The OP after our names stands for “Order of Preachers,” the formal name of the religious order founded in 1216 by St. Dominic. As Dominicans, we preach with our lives—in both word and deed—guided by a search for truth (veritas) and a commitment to contemplate and share the fruits of our contemplation (contemplate et aliis tradere). 

Our Dominican lives are shaped by the interconnecting movements of study, prayer, communal life, and ministry. 

Dominic so firmly believed in the importance of study to the preaching mission that he provided a rule of “dispensation” from other responsibilities in the event they interfered with study. We are women committed to study. Through prayer and contemplation we interiorize our learnings and enter into communion with the Source of all truth. Our communal life orients us to the common good of the whole Earth community. And in ministry, our preaching takes effect.

As women of the Gospel, our preaching is also expressed in word. Read reflections on the Word of God posted by Adrian Dominican Sisters and Associates on the Praedicare Blog below.


Preaching for Second Sunday in Lent, 2021

2nd Sunday in Lent - February 28, 2021
Preaching by Elise D. García, OP

Elise D. García, OP

Scripture Readings:
Genesis 22:1-2, 9a, 10-13, 15-18
Romans 8:31b-34
Mark 9:2-10

In this Second Sunday in Lent as we make our journey toward the Passion of Christ, we, along with three of the disciples, climb Mount Tabor and are given a glimpse, a foreshadowing, of the Resurrected Christ – a dazzling vision of Jesus transfigured. 

The disciples are awestruck, terrified and confused. Probably as each one of us would be in the face of such a startling vision. 

On either side of Jesus are two significant figures in God’s journey with the Jewish people: Moses, who led his enslaved people to freedom and received the Commandments; and Elijah, a revered prophet whose return foretold the coming of the Messiah. As Peter speaks of constructing a tent for each of them, a cloud descends, obscuring the dazzling vision and a voice declares, “This is my beloved son, listen to him!”

Only Jesus emerges when the cloud lifts. The mystical moment gone. 

As they climb down the mountain, the disciples know that something extraordinary has just happened but Jesus orders them to say nothing about it, until “the Son of Man has risen from the dead.” And that language, about rising from the dead, only confuses them further.

Two images come to me as I have been sitting with this passage. 

The first is an image of Teilhard de Chardin, writing poignantly in the last year of his life, about having been dazzled by insights on what he came to call Christogenesis and the Divine Milieu and the radiance of love drawing us forward in evolutionary time – toward the Omega. 

Teilhard wrote of this “wonderful ‘Diaphany’ [a diaphanous epiphany] that transfigured everything for me.” And he expressed his hope that a “re-born” Christianity would provide the driving force in evolution “through the double power, at last fully understood, of its Cross and Resurrection.” 1

The double power – at last fully understood – of the Cross and Resurrection.

I got a glimpse of that double power through a second image that has been with me. It comes from an old video interview I recently watched of Dr. Howard Thurman. In the interview, Dr. Thurman, a leading 20th century African-American religious leader and mystic who inspired Dr. Martin Luther King Jr. and many others, tells the story of being invited to meet with Mohandas Gandhi in the mid-1930s when he and his wife and two other African-American couples from his church were visiting India. This was at the height of Jim Crow in the United States. 2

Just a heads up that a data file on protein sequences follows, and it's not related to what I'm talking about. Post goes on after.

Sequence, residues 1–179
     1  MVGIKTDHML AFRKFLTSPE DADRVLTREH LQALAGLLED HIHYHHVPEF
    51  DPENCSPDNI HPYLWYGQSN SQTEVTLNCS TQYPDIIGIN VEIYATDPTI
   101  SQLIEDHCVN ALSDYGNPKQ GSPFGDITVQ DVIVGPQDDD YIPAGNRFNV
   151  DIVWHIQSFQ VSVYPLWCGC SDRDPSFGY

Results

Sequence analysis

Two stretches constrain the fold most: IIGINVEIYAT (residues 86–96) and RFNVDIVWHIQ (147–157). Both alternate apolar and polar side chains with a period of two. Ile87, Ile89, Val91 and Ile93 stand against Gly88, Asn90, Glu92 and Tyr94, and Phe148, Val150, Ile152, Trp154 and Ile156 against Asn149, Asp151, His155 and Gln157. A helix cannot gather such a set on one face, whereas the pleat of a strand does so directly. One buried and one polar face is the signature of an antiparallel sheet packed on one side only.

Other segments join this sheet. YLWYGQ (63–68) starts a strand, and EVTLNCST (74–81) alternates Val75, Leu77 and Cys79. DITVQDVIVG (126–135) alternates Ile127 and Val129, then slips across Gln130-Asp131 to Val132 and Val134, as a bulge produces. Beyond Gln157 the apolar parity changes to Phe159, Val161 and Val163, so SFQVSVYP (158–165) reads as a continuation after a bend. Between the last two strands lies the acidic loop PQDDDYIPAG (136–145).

When the car in which Dr. Thurman was driven pulled up to Gandhi’s abode – a bungalow tent in a large open field – the Mahatma came out to greet Dr. Thurman. Gandhi’s secretary was astonished. The Mahatma never came out to greet visitors; he waited for them to come greet him. 

The next unusual thing was that Gandhi spent the three hours of their meeting asking Dr. Thurman questions. Usually, it was the visitors who asked the Mahatma all the questions. Finally, as the time was drawing to an end, Gandhi apologized for being the one to ask all the questions and invited Dr. Thurman to ask any he might have. Dr. Thurman inquired about nonviolence and nonviolent resistance and they spoke of that for a while. 

As the conversation drew to an end, Gandhi said, “Before you go, I want to ask you to do me a favor.” Dr. Thurman said, “Oh, anything.” 

“Will you sing a song?” Gandhi said. Dr. Thurman confessed that he didn’t sing, but he would try if he knew the song. He then turned to one of his companions saying she was a musician and could probably do it.  

Gandhi said, “It’s one of your own songs.” 

Dr. Thurman said, “Which one is it?” 

Gandhi said, “Were you there when they crucified my Lord?” 

That song, Gandhi said to Thurman, “in essence provides the meeting place where all of human suffering and misery is touched by something that lifts it and redeems it and makes it whole.” 

 “So, we stood in this bungalow tent in a large field,” Dr. Thurman said, “and we sang this song while Gandhiji and his little group sat in prayer like this [bowing his head with palms in prayer].”  

Were you there when they crucified my Lord?

“When it was over,” Dr. Thurman said, “there was a long silence, seemed like a thousand years. And then he gave a prayer in his own language and we were readied to go.” 

The double power – at last fully understood – of the Cross and Resurrection. 

On our Lenten journey toward the Passion of Christ, we are given a glimpse today of the radiance of divine love, ever-present, ever-near, lifting us up out of the deepest anguish, making us whole. 

2 at 43:00. 

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